Firemen who went to attend to leak hospitalised after being exposed to fumes

A rescue operation went awry for a team of seven fire fighters on Monday when they inhaled chlorine. The incident occurred while they tried to shift a gas cylinder at the Junior Commissioned Officers’ (JCOs) Quarters of the Indian Army opposite Chennai Central and Rajiv Gandhi Government General Hospital (GH).

The seven fire and rescue services personnel are in hospital now and while their condition is improving, are under 24-hour observation as they were exposed to the gas for over three hours. While R. Kaliyaperumal (58) is the station fire officer of Royapuram, P. Loganathan (26), S. Suresh Kumar (28), N. Sasikumar (20), S. Kamalakannan (53), A. Saravananbava (35) and M. Sasikumar are attached to the Esplanade fire station.

The firemen reached the spot on receiving a report of jawans, who were on duty near the entrance to the quarters, fainting after suffering from vomiting, breathlessness and heartburn. The seven-member team led by Kaliyaperumal arrived around 6.50 a.m. and traced the source of the leak to the unused chlorine cylinder inside a storeroom near an empty sump. Nearly 500 families of JCOs live in the 15-year-old quarters.

Two firefighters — Loganathan and Sasikumar — entered the room wearing oxygen masks and sprayed water to dilute the chlorine. Assuming that the leak had stopped, the duo removed their masks and began shifting the cylinder from the storeroom to a newly-built sump so that they could sink the cylinder in it and dilute the gas. However, the leak had not stopped and during the shifting, the firemen (none of whom had any safety gear on) and on-lookers also suffered breathlessness and began vomiting. Army personnel called for an ambulance and 11 persons, including four residents, were admitted to GH. The four residents of the quarters were discharged while the seven fire fighters are undergoing treatment at the hospital. “Their condition is improving but we have kept them under 24-hour observation. We are also keeping a lookout for any side effects as they inhaled the gas for more than three hours,” said a doctor at GH.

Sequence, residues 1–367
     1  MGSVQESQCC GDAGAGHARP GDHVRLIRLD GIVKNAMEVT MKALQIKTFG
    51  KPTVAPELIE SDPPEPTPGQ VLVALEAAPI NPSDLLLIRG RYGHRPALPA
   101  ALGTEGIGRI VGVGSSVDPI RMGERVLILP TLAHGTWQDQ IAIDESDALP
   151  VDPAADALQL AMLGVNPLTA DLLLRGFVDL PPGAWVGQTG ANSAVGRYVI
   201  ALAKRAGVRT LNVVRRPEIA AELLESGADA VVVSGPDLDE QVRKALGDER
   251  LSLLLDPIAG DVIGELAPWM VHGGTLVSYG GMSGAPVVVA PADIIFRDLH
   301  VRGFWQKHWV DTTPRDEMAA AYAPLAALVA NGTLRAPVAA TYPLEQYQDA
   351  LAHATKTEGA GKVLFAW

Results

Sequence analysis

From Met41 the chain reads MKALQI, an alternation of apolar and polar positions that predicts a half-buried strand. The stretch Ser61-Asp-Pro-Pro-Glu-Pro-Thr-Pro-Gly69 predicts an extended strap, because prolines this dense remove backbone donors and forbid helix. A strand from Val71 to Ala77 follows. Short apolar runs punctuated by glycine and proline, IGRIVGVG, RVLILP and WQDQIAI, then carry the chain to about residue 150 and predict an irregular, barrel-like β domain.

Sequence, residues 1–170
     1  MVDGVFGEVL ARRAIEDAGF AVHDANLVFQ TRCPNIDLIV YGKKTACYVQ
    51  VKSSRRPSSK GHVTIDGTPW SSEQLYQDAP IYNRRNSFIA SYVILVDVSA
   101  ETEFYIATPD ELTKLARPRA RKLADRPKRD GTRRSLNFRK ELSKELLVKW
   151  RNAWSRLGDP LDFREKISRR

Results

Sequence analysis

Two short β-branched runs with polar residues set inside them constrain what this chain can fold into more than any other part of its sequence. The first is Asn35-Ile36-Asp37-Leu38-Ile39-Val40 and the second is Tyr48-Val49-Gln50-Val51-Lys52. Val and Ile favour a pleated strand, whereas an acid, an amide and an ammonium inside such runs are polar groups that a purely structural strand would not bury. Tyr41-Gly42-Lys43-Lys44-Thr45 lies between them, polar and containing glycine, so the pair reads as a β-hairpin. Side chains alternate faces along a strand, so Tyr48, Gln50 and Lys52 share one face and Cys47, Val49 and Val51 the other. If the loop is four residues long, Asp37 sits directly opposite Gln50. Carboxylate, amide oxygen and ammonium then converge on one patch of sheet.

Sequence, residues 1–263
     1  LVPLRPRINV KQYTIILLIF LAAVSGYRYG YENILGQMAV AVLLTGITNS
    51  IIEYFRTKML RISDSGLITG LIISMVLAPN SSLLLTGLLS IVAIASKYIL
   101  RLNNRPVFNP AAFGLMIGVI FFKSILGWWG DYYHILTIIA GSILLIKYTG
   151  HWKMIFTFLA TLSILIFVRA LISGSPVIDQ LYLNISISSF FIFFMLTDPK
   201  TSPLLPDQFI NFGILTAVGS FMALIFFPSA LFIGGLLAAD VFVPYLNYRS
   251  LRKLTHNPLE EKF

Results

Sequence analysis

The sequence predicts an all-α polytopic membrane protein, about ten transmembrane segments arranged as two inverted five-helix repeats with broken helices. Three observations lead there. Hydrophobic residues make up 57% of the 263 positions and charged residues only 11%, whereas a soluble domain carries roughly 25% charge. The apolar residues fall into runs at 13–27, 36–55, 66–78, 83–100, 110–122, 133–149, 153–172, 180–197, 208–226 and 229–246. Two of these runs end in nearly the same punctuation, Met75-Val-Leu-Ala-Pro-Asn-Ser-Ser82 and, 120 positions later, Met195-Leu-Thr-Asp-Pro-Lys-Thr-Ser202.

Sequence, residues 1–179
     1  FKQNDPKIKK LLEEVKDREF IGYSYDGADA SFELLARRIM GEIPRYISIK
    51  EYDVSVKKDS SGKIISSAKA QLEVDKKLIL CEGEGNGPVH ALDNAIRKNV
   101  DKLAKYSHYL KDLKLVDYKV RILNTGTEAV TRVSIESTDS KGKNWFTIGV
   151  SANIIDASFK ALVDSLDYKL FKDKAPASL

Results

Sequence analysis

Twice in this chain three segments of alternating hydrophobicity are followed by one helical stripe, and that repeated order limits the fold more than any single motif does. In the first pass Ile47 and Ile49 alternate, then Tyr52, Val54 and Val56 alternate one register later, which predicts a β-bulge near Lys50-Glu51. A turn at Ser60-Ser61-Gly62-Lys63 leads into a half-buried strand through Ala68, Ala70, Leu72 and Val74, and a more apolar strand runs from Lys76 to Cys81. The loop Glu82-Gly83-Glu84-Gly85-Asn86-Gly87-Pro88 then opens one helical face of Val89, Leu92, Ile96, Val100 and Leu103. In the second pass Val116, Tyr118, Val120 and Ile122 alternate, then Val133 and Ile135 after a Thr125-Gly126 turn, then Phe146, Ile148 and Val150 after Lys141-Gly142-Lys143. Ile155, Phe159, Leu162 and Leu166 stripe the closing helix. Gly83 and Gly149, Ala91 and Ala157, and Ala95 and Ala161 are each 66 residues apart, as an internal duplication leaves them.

Mr. Kaliyaperumal said the leakage was due to extensive damage to the valve which was completely worn out. “The cylinder also had a couple of holes. However, the leak is likely to have begun only recently as the cylinder is still quite heavy. The cylinder weighed around 100 kilograms and was around five feet tall,” he added.

Army sources said the chlorine tank had been kept in the storeroom nearly two years ago after a new sump was built next to it. Incidentally, the quarters also houses an Army Public School for kindergarten students. The school, which has a total strength of 300 students, is closed for summer vacation and will open in June.

“This is the first time such an incident happened in the quarters. The chlorine cylinder was used to purify drinking water in the sump that was supplied to households and the school in the quarters. The incident will be investigated,” said an officer at the Area Headquarters.    A case of inhalation of poisonous gas has been filed by Chennai GH police. “We got a report regarding fire fighters being affected due to the leakage around 10.40 a.m. on Monday. The case is being investigated,” said assistant commissioner of police (Flower Bazaar), N. Kumar.  

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